This short article will present one simple, but unconventional idea - super-powered keybindings for Magit.1

I hope by now most of you know (and use) the 3 default global Magit keybindings:

  • C-x g (magit-status)
  • C-x M-g (magit-dispatch)
  • C-c M-g (magit-file-dispatch)

Typically you’d add to them C-c g, as a more convenient alternative of C-c M-g.2

So far, so good. Now you can invoke a lot of commands with keybindings like C-x g l l or C-c g b, which is not bad as far as Emacs keybindings go. Remembering when to use C-x g, C-x M-g and C-c g takes a bit of practice, but it’s not very hard.

But what if you wanted to have a lot of Magit commands under a single two-key (super convenient) prefix? Such prefixes are tight in Emacs these days, but only if we’re talking about the commonly used prefixes based on Control (e.g. C-c and C-x). If you’re not a traditionalist you can try something different - use a prefix based on the rarely utilized in Emacs Super key.3 Here’s one such idea using the Super-m prefix (the m, of course, stands for Magit4):

;; essentials
(global-set-key (kbd "s-m m") 'magit-status)
(global-set-key (kbd "s-m j") 'magit-dispatch)
(global-set-key (kbd "s-m k") 'magit-file-dispatch)
;; a faster way to invoke very common commands
(global-set-key (kbd "s-m l") 'magit-log-buffer-file)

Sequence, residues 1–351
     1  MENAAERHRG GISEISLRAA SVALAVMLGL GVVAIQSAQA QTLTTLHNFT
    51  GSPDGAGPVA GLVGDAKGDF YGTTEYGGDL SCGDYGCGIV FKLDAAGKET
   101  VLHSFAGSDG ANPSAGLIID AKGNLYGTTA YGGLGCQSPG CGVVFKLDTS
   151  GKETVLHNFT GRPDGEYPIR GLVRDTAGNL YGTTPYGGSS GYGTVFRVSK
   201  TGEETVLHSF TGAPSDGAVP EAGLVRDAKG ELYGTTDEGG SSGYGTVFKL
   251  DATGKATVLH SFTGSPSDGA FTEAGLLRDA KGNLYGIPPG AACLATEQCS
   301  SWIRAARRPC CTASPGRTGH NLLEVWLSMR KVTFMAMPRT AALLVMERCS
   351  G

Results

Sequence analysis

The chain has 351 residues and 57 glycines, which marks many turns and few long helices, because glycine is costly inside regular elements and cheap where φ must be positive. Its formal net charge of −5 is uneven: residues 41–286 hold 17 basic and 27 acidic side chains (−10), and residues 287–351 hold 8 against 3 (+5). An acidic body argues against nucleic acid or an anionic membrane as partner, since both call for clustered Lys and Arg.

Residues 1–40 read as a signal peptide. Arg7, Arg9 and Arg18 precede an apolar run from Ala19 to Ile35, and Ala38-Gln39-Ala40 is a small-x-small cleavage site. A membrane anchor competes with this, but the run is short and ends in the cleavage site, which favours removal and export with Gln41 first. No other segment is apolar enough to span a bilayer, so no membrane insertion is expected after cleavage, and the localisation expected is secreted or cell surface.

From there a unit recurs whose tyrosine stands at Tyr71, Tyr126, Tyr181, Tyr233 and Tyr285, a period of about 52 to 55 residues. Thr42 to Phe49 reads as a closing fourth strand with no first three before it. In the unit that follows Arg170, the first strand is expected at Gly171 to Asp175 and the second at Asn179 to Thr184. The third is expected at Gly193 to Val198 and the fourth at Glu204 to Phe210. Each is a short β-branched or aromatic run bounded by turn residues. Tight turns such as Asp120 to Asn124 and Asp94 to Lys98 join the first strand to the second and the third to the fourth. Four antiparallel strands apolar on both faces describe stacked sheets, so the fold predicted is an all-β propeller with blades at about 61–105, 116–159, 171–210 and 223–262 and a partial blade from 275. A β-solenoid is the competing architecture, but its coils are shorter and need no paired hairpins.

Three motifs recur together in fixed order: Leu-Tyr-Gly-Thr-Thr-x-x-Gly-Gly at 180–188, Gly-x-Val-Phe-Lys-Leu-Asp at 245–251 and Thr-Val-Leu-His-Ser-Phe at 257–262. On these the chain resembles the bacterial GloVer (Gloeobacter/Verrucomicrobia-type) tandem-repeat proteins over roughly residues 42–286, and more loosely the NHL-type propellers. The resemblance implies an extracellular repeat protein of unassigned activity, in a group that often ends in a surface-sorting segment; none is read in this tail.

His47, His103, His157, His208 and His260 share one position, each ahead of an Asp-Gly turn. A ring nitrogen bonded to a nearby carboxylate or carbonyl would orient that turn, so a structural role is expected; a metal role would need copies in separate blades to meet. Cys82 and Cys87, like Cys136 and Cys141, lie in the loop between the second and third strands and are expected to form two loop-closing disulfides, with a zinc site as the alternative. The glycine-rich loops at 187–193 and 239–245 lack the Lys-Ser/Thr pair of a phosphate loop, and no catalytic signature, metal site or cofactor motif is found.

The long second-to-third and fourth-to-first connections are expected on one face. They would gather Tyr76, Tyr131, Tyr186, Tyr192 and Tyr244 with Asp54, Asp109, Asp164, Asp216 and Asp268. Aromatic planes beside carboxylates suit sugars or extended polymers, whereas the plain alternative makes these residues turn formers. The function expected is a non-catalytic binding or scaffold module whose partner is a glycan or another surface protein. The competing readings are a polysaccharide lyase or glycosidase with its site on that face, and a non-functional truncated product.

(global-set-key (kbd "s-m b") 'magit-blame)

;; or alternatively
(use-package magit
  :ensure t
  :bind (("s-m m" . magit-status)
         ("s-m j" . magit-dispatch)
         ("s-m k" . magit-file-dispatch)
         ("s-m l" . magit-log-buffer-file)
         ("s-m b" . magit-blame)))

Not only are all essential Magit commands under a single mnemonic (s-m) right now, but you can also bind some “internal” commands that you’d normally invoke via magit-dispatch or magit-file-dispatch directly under this prefix. This makes it slightly more efficient to invoke frequently used commands.

The suggested keys m, j and k are clustered together on a typical QWERTY keyboard which makes it super easy to press them in sequence. Of course, you can find many other comfortable options.

One thing that you should keep in mind is that your mileage with Super keybindings will vary based on your operating system/desktop environment. Windows, for instance, uses Win + letter keybindings a lot, so s-m is not an option there (it minimizes the current window). Frankly, I’m not sure if any Win + letter keybindings are available there at all.5 On macOS and Linux, however, such keybindings work fairly well, unless you happen to be using a window manager that’s fond of them (e.g. exwm).

I first adopted the use of Super several years ago, but I never promoted it enough, apart from including a few such keybindings in Emacs Prelude. While the examples I gave today are with Magit, you can leverage the super keybindings with any package - e.g. I’ve long favored the use of s-p for Projectile and bindings like s-. for avy.

That’s all I have for you today. Super-X forever!

  1. In the sense of using the Super key. Although I guess one can argue that they are also super convenient. 

  2. This article discusses the topic of the essential Magit commands in a bit more detail. 

  3. Typically this is the Windows key on PC keyboards and the Command key on Mac keyboards. 

  4. I sometimes wonder how the default keybindings for Magit ended up the letter “g” instead of “m”. It’s either a reference to Git, or that “g” happens to be on the home row. Or both. 

  5. In theory it should be possible to tell Emacs to intercept the Win key before Windows for (at least) some commands, but the suggested solution never worked for me.